Around this time last year Pierre Gasly, with barely a handful of F1 races under his belt, was the talk of the sport after his giant-killing fourth-place finish at the Bahrain Grand Prix for the newly united Toro Rosso-Honda team. The Frenchman, at the beginning of a year in which he would comfortably beat two-time WEC championship-winning teammate Brendon Hartley, was marked out as a future Red Bull Racing star.
But fast forward just 12 months to his RBR debut and he’s beginning to feel like yesterday’s hero, overshadowed by Toro Rosso’s next big thing.
Alexander Albon, after a centimetre-perfect race that hauled him up from a pit-lane start to a point-scoring finish and won him the fan-voted driver of the day award at the weekend’s Chinese Grand Prix, is suddenly attracting attention.
The Thai driver has flown largely under the radar this season as far as rookies are concerned. Lacking the manufacturer backing of fellow debutants George Russell, Lando Norris and Antonio Giovinazzi, he rose to F1 the hard way, having been dropped from the Red Bull Junior Team once on the way and having already decided to abandon F1 in favour Formula E mere months ago.
Toro Rosso’s Alexander Albon. (Dan Istitene/Getty Images)
Even after his unlikely rise he was marked as a second-preference driver. He was only inducted into Toro Rosso at the end of a chain reaction beginning with Daniel Ricciardo’s vacancy at Red Bull Racing and ending with the fractious relationship between the team and Brendon Hartley, who he ultimately replaced — indeed the joke that Albon is a former Red Bull reject replacing a former Red Bull reject partnering a former Red Bull reject did the rounds on Twitter shortly after his announcement.
But Albon has let his driving do the talking. A low-key debut in Australia gave way to his first points in Bahrain before his powerful drive in China cemented him as a man who belongs in F1.
The one blot in his copybook was the violent crash at the end of Saturday practice that wrote off the car so completely it was irreparable before qualifying that afternoon.
He was forced to start from the pit lane, but rather than keep his head down after the chastening experience, he treated the race as an opportunity, bolting on a set of new softs and executing a race of controlled aggression, pulling passes while still massaging his tyres to take tenth on a difficult one-stop strategy.
“If I crashed and I was slow, then that is a lot worse than crashing and having no pace,” he said afterwards. “I would say Saturday I was the worst driver of the day, so it’s nice to come back strong on Sunday.”
The jubilant Albon contrasted starkly with the out-of-sorts Gasly, who continues to struggle with his transition into a frontrunning car.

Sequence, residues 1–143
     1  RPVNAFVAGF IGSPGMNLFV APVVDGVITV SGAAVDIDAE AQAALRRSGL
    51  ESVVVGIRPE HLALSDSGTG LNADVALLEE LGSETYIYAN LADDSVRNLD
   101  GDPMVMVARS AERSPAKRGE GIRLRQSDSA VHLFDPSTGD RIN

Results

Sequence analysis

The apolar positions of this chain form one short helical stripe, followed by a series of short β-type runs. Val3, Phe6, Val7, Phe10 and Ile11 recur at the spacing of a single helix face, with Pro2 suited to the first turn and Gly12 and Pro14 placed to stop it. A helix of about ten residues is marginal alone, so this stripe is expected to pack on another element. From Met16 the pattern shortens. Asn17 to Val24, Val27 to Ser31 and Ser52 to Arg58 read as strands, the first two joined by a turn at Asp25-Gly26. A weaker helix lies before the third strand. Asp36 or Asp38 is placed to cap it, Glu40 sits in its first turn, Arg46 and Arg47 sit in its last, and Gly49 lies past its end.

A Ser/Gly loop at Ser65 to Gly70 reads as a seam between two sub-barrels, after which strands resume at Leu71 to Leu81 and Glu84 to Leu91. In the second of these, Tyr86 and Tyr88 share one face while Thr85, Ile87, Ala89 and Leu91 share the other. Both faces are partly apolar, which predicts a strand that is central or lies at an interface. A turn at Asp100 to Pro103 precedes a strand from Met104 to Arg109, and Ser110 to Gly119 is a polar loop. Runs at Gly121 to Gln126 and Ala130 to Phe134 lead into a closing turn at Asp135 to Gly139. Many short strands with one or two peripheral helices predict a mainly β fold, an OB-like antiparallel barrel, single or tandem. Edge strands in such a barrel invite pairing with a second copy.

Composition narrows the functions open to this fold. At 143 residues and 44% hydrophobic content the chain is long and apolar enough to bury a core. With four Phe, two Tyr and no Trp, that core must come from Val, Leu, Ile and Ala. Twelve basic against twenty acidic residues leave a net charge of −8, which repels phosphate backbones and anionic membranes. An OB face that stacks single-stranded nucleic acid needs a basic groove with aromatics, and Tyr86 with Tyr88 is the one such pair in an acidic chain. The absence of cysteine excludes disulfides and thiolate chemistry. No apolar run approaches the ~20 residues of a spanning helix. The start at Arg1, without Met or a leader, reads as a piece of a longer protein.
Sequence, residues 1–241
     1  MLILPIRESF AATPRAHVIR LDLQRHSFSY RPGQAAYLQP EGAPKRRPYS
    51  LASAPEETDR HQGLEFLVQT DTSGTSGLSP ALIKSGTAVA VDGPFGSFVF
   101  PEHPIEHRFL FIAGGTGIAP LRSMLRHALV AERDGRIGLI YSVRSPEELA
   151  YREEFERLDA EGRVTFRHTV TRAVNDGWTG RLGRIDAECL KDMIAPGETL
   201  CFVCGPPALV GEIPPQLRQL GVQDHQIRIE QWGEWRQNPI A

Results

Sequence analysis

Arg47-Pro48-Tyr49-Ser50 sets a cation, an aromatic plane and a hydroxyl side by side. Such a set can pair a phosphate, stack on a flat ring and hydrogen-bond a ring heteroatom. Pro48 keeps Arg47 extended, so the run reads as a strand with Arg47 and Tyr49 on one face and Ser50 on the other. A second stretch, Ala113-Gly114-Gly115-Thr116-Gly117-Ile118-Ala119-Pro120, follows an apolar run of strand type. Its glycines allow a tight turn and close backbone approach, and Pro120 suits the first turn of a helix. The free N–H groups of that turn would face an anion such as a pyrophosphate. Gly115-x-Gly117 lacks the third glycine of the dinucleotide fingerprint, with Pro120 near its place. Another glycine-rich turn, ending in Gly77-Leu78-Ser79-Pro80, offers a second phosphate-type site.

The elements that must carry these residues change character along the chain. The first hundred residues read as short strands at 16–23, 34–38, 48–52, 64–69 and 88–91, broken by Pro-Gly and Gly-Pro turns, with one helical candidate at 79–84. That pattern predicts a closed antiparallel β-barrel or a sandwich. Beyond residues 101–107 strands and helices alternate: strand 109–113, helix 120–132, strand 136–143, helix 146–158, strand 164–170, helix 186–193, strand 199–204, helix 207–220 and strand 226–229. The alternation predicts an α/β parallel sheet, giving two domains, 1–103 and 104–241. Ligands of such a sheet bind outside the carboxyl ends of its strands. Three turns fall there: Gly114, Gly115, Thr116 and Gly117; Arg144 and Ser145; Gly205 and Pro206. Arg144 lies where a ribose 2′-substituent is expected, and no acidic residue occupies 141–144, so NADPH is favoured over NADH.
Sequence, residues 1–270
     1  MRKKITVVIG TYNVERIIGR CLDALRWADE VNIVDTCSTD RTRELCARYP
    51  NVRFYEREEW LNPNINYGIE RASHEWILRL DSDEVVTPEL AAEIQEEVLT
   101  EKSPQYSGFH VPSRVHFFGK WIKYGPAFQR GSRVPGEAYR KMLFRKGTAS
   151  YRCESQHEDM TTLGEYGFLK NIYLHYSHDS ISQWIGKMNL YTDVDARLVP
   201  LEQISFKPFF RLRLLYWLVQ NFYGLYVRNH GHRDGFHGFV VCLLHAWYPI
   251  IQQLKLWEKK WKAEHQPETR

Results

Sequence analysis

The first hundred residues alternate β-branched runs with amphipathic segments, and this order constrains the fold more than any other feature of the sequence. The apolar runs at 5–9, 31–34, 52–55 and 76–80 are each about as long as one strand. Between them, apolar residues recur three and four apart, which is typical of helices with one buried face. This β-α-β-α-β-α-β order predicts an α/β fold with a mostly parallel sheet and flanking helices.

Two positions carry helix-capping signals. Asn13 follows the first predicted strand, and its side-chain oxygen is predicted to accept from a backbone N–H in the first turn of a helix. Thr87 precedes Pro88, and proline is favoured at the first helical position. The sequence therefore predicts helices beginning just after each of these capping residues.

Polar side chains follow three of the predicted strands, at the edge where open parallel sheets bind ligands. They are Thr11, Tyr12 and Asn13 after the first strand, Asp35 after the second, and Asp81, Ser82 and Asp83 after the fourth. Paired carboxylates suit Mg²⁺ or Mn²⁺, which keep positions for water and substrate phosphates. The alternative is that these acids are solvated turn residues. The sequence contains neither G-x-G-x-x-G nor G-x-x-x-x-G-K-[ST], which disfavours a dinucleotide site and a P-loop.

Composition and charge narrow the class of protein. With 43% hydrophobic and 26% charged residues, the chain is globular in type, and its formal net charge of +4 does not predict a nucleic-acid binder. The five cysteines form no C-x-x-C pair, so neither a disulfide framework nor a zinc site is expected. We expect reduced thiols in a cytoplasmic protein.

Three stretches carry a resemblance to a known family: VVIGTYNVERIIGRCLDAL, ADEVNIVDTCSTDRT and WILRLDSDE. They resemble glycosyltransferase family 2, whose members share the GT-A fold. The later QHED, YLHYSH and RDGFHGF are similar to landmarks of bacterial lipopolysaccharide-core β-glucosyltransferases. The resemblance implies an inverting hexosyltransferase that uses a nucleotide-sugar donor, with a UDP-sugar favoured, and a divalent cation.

Gasly has been open about his lack of comfort in the RB15. He’s taken until the third round to qualify for the top ten in a car that’s easily top-six material and has been suitably shaded by teammate Max Verstappen, who’s a podium and 26 points to the good.
Pierre Gasly in happier times. (Samo Vidic/Red Bull Content Pool)
This comes off the back of a difficult preseason in which two major crashes curtailed not only his own track time but also that of the team, which was unable to conduct a race simulation and ended its testing campaign almost a day early due to a lack of parts.
The green shoots began emerging in China – he qualified and finished sixth, the minimum expectation, saying he felt increasingly comfortable – but he still would’ve finished more than a minute behind Verstappen had he not fallen further back by making a third pit stop to snatch a point for fastest lap. In a season Red Bull Racing doesn’t quite have race-winning pace, the team will need Gasly performing strongly enough pressure the frontrunners into mistakes, just as Verstappen did to the Ferrari drivers in Shanghai. He can’t do that from 60 seconds down the road.
We’re only three rounds in, but the perpetual pressure of the Red Bull F1 programme is focused on Gasly, and he knows it. After all, the Frenchman was the beneficiary of the ruthless turfing of Daniil Kvyat part of the way through 2017.
Of course this isn’t to say that an Albon-Gasly switch is imminent or even on the cards. Gasly’s struggles are understandable in terms of both his inexperience, having little more than a single season of racing under his belt, and the snappy RB15 package. He’s also up against Verstappen, the sort of driver who can work around car problems and who is one of the quickest men on the grid. Even minor weaknesses can be made to look more severe against the Dutchman.
And if Gasly could be too inexperienced to perform at his maximum, Alex Albon certainly is. He might be having a solid debut, but so too did Gasly sprinkle his rookie Toro Rosso season with outstanding drives, most notably in Bahrain, Monaco and Hungary. In any case Albon’s Chinese Grand Prix success still came after an enormous crash in Saturday practice, the session in which drivers know greediness can be punished by missing qualifying.
But both drivers serve at the pleasure of the Red Bull driver programme, the unpredictable nature of which means it’s just about anyone’s guess what’ll happen in the next 12 months.
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